Aggressive Rut Hunting Tactics

For an avid deer hunter, few times of the year conjure up the same degree of sheer and unabated anticipation as the rut. We treat the month of November as if it were a lengthy holiday; the likes of we intend to celebrate in earnest. Hours of vacation time from work are spent, calendars are cleared, and honey-do lists are neglected, all in an attempt to spend every available moment afield experiencing all that this magical portion of season offers.

Perhaps one of the most exciting attributes of this segment of season comes in the form of an aggressive shift in whitetail behavior that is readily observed by those present to experience it. Bucks brawl with much tenacity for breeding rights, whitetails vocalize with one another to a degree that is seldom heard at other points in the season, and does are ran far and wide to the point of impending exhaustion.

With such a substantial level of outward expression and jockeying for position in herd hierarchy, no better time exists for a hunter to get aggressive in their attempt to put a tag on a stellar whitetail buck. However, many hunters are still reluctant to think outside of the box when hunting the rut. Although the use of a strategic and carefully plotted approach at any point during season is advisable, the rut is not the time to be passive. The following is a list of aggressive rut hunting tactics that will put you in better contention to punch your tag.

whitetail buck looking

Will you sit back and watch the rut unfold, or will you make it happen this season? (Photo by National Park Service)

Rattle Your Way To Success

Deer are naturally curious and territorial creatures. They have an instinctive desire to investigate any situation that could potentially have a bearing on herd dynamics. Deer, especially bucks, are hard-wired to display their dominance in an attempt to lay claim to territory and the subsequent breeding rights. Because of this, deer are conditioned to respond in interest to the sound of a territorial dispute.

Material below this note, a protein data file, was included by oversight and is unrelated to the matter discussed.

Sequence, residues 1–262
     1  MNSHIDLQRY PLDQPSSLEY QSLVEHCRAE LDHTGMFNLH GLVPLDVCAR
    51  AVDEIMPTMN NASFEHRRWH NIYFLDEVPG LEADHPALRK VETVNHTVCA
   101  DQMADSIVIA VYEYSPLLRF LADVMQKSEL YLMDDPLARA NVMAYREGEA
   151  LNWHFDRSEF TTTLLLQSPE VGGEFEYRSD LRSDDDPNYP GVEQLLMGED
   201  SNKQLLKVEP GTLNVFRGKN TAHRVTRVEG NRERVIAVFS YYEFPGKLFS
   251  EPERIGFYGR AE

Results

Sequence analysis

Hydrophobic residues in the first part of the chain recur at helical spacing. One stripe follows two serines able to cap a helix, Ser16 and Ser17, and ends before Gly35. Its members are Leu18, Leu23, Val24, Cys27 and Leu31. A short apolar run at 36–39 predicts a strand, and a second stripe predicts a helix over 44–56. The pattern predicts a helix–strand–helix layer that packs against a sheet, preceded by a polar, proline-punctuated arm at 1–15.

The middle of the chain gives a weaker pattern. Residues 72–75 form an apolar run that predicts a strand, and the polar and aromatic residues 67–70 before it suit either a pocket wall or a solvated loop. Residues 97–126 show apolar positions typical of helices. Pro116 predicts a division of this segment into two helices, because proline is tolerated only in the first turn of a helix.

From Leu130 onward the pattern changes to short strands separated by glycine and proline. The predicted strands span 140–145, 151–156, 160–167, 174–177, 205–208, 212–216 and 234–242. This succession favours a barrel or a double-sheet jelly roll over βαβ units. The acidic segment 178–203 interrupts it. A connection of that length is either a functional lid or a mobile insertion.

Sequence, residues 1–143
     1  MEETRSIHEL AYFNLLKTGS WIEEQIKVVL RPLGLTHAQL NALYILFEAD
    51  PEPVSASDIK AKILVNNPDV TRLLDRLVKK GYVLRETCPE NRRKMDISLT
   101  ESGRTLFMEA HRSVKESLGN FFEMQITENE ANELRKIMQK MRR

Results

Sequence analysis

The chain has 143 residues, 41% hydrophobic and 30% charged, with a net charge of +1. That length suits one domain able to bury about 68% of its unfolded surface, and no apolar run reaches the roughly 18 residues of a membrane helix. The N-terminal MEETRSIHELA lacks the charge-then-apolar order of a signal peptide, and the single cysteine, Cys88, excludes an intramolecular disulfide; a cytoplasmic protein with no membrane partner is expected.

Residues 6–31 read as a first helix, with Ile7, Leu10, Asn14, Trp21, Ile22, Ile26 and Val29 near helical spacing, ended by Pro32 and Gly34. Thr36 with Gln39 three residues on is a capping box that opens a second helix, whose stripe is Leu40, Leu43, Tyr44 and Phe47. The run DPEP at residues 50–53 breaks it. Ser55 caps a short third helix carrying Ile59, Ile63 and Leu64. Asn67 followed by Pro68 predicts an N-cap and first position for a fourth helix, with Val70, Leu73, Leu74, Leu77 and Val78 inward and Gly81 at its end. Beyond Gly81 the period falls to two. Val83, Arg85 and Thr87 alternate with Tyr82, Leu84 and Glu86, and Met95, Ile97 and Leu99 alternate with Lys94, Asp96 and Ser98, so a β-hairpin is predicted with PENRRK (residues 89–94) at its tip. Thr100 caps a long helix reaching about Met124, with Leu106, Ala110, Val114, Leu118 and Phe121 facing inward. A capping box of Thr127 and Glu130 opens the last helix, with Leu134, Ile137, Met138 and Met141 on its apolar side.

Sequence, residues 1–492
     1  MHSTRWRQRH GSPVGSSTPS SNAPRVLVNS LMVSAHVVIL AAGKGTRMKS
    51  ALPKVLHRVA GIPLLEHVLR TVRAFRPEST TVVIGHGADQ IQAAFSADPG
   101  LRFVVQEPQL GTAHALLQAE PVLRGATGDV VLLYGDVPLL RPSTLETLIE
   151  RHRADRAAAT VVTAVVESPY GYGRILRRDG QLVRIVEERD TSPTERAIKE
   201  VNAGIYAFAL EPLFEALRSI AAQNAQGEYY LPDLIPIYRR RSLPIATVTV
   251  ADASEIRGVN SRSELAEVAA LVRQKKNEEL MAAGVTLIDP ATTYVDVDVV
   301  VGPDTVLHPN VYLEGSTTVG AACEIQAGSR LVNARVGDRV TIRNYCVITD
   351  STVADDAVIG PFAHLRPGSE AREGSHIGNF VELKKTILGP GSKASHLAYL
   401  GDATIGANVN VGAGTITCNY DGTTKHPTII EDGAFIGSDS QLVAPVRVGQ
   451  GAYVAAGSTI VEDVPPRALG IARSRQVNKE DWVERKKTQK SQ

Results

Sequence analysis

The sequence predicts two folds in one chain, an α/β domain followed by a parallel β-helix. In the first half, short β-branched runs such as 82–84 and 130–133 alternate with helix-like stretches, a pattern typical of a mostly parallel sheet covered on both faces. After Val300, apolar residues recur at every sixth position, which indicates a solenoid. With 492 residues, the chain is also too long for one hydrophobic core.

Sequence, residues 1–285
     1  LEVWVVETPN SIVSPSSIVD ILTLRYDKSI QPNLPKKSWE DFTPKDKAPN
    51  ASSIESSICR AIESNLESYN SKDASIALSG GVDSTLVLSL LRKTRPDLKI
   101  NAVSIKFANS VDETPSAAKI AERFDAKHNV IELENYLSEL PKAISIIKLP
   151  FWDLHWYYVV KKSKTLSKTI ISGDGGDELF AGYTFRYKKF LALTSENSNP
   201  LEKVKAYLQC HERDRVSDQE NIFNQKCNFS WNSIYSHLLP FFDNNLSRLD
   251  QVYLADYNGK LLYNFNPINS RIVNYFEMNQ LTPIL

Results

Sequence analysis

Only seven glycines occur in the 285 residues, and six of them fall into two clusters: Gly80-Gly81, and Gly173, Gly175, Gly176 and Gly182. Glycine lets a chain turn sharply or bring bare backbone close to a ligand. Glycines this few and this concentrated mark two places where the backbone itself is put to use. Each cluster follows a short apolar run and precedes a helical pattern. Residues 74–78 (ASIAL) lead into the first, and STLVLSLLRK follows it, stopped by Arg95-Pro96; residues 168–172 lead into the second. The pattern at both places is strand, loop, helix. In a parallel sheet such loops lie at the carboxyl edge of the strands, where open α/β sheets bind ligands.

Rattling can be an indispensable tool when attempting to put yourself in contention to fill your buck tag. The pre-rut is often the most effective time to utilize rattling, as bucks are typically not yet locked down with does, and are anxiously awaiting the first estrous doe of season. At this point, tensions run high and territorial disputes are common, leading to an often-frenzied response to any event that might signify a change in herd hierarchy.

aggressive rut hunting tactics - hunter rattling

Rattling has the unique potential to be able to draw bucks from long distances when conditions are right.

Decoy A Buck Into Range

The use of a decoy is an effective aggressive rut tactic for much the same reason that rattling is of significant value. A dominant buck rules his territory with an iron fist, so to speak, defending his area and the breeding rights that come with it from any would-be intruder. When a dominant buck spots another buck that he feels is encroaching upon his territory, the ramifications are often intense and come swiftly.

The use of a decoy can be increasingly valuable during the rut when hunting wide swaths of open ground such as river or creek bottoms and agricultural fields. This creates a level of attraction between any sizeable or mature buck that enters the field and the decoy that you have employed, often diverting any attention away from you while situated in a way as to overlook the spectacle. As with any other piece of equipment used, significant consideration should be given to scent control pertaining to your decoy.

Stake down your decoy in the perfect spot and you just might find a big buck in your lap.

Make Sense of Scents

Deer rely on, to the utmost extent, their senses for everything from basic survival, to efficiently completing the breeding process. Perhaps the most powerful and heavily relied upon of a deer’s senses is the sense of smell. As any hunter that has set foot in the woods can tell you, a deer’s sense of smell can bust you before ever even getting seated in your stand. However, this same outright reliance on the sense of smell can be used to exploit vulnerability in a buck during the rut.